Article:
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Revista de la Sociedad Española del Dolor

versión impresa ISSN 1134-8046


AGUILAR, J.L. et al. Pain in clinical hematology. Rev. Soc. Esp. Dolor [online]. 2010, vol.17, n.1, pp.32-50. ISSN 1134-8046.

Objective: The present review aims to provide an update on the pain management and/ or palliative care provided to patients with hematological disease, whether malignant or not. In hematology, several entities may require alleviation of pain or other distressing symptoms. It is generally acknowledged that only 5% of patients with malignant hematological disease experience pain, while this percentage ranges from 70 to 80% in other types of cancer (lung, prostate and breast, which frequently lead to bone metastases). Pain may be caused by the disease itself, due to leukemic or myelomatoid infiltration, bone destruction (75-80%), the therapies administered (15-19%), mucositis in neutropenic patients, methotrexate, thalidomide (paresthesias), bortezomib (Velcade®), imatinib (Glivec®), bone marrow transplantation, neurotoxicity of cytostatic agents (vincristine, cisplatin) and radiotherapy. Pain is unrelated to malignant disease in 3-5% of patients (muscular weakness and myalgia, decubitus ulcers, postherpetic neuralgia, diagnostic procedures). Classically, sickle cell disease, which is not a prevalent disease in Spain, is included among the benign hematological diseases that produce pain exacerbations. According to our experience, 10 years after our previous review on the topic, the percentage of hematological patients requiring specific management of "pain" (understood as "global pain" = physical, emotional, spiritual, social, occupational, familial...) can increase if, in addition to patients with pain, we also include those with unpleasant symptoms of varying severity throughout the course of their disease. The World health Organization (WHO) estimates that 9 million new cases of cancer occur each year, that there are 6.7 million annual deaths from cancer and that almost 25 million persons are still alive 3 years after diagnosis. Pain is moderate to intense in 40-50% of patients and very intense or intolerable in 25-30%. The WHO predicts that there will be 15 million new cases of cancer by 2020. Hematological cancer (leukemia, lymphoma and myeloma) is the fifth most frequent form of cancer and the second most frequent cause of death from cancer. Pain management and palliative care are based on symptom control (including pain) and the provision of appropriate emotional support to patients and their families. Material, methodology and results: We provide an update of the literature and summarize our experience in pain management and palliative care. The general features of symptoms in these patients are described, and the definition and classification of pain and the terms used in pain management are discussed. Next we focus on oncohematological pain, methods to measure this pain, and the therapeutic strategy still recommended by the WHO for its control. This strategy includes the "analgesic elevator", which increases the speed in moving up the steps of the analgesic ladder when required by the situation. The concept of opioid rotation is also discussed, as well as treatment of the most common adverse effects of opioids: constipation, nausea-vomiting, drowsiness and sedation, especially in older patients. The key to successful analgesia and symptom control lies in individually tailored analgesic regimens and the use of the oral route whenever possible (leading to greater patient comfort). In particular, we describe pain related to mucositis and sickle cell disease, as well as the methodological principles in which symptom control is based and the pharmacological therapies used to relieve pain. The distinct routes of administration of these drugs are described, with their benefits and drawbacks. Conclusions: Only 5% of patients with hematological disease experience severe pain. Oral opioid administration, according to the analgesic scale of the WHO, is the most effective, simple and efficient (cost/effectiveness) method for the management of pain in hematological disease. Conversion tables for use in opioid rotation are available. With this approach, pain can be controlled in approximately 85% of patients. Analgesic techniques with subcutaneous infusion or catheters are also excellent methods for the management of pain in these patients, but are more expensive and complex. Such techniques are generally only necessary in the remaining 15% of patients and require a normal platelet count and, in order to prevent the risk of infection, a normal granulocyte count, as well as a rigorous clinical follow-up.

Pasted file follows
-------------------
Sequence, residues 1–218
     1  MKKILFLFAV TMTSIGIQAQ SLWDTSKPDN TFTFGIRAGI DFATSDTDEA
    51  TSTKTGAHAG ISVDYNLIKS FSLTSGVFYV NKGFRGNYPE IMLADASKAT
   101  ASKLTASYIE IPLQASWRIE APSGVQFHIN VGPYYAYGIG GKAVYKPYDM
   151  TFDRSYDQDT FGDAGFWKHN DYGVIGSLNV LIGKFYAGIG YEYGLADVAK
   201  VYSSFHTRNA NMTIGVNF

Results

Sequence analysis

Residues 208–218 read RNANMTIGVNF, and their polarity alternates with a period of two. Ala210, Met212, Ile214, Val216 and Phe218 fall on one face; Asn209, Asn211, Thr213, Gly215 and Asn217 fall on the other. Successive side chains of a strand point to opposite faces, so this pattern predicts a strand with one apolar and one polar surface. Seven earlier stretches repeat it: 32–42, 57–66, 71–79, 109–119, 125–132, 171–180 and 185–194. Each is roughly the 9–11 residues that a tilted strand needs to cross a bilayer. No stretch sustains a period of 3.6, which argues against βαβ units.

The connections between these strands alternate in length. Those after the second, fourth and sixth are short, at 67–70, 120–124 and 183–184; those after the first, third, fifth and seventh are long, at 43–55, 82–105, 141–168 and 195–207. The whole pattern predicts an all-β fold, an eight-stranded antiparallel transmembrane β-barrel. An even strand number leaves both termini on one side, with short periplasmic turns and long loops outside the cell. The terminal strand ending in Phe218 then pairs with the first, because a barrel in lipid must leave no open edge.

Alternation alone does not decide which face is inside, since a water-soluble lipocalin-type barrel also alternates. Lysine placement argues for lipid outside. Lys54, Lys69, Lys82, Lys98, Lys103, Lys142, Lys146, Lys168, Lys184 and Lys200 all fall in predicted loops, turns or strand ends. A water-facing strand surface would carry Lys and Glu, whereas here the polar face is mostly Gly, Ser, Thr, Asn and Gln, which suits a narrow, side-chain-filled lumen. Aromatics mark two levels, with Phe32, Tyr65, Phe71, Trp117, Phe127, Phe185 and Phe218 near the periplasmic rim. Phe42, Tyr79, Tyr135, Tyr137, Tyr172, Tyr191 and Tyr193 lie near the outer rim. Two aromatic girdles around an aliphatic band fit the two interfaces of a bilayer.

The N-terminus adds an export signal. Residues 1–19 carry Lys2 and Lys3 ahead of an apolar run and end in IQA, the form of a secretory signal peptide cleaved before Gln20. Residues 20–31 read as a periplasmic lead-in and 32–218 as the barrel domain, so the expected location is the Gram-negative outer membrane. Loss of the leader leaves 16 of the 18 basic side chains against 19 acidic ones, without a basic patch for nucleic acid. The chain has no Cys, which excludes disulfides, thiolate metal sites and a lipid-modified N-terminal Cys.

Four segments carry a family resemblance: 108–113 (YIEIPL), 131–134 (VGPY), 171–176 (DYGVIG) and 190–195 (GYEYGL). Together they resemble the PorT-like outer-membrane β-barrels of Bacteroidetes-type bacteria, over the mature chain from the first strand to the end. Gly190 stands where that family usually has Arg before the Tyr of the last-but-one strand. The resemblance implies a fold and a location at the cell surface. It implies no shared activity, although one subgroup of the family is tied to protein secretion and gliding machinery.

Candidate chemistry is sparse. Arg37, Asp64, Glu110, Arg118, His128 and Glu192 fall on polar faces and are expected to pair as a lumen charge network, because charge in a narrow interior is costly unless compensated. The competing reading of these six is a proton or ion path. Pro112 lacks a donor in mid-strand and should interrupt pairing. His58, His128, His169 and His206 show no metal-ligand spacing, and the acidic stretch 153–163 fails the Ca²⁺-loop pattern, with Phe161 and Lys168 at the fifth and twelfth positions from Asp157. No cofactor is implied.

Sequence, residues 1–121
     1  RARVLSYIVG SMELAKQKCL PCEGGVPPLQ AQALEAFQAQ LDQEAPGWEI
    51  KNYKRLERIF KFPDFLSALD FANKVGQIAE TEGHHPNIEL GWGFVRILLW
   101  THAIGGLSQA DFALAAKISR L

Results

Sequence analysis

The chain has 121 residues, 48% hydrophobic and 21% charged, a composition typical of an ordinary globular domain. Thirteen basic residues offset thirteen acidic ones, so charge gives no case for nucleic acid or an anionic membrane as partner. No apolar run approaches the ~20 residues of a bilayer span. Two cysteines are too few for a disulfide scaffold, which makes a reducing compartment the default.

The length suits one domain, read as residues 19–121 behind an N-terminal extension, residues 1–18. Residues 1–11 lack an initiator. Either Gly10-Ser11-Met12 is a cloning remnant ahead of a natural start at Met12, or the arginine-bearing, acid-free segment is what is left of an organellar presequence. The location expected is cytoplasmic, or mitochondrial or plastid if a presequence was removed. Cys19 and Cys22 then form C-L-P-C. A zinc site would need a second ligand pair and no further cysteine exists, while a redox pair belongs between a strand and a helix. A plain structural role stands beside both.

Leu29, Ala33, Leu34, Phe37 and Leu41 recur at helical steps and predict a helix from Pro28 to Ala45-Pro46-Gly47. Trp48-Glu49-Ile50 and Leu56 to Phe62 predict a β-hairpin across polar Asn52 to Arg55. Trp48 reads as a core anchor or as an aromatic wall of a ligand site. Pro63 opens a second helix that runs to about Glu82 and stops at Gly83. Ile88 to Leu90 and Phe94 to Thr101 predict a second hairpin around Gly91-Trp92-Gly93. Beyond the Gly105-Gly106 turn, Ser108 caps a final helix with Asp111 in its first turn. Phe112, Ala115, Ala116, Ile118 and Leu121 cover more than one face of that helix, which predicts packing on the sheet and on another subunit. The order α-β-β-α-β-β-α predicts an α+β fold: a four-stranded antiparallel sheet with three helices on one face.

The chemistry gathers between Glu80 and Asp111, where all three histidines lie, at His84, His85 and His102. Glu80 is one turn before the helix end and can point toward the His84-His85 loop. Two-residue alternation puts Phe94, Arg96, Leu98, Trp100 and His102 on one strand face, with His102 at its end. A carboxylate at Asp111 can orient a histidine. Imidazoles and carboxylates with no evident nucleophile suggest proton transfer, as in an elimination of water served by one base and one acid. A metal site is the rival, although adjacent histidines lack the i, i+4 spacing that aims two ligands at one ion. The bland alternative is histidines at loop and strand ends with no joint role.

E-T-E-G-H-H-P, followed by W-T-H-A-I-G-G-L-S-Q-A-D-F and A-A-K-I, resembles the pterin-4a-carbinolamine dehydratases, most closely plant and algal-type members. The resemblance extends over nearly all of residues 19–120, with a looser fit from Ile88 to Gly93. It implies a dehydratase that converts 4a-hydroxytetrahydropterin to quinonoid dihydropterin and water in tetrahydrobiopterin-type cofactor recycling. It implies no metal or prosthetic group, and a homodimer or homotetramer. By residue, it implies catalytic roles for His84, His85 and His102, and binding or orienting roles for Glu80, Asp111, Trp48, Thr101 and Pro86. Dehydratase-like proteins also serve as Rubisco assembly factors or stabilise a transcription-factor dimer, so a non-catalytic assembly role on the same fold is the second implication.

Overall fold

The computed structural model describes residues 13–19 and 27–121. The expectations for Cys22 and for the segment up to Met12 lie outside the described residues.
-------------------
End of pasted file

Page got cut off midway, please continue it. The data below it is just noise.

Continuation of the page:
Palabras clave : Pain; Hematology; Oncology; Palliative care; Symptoms.

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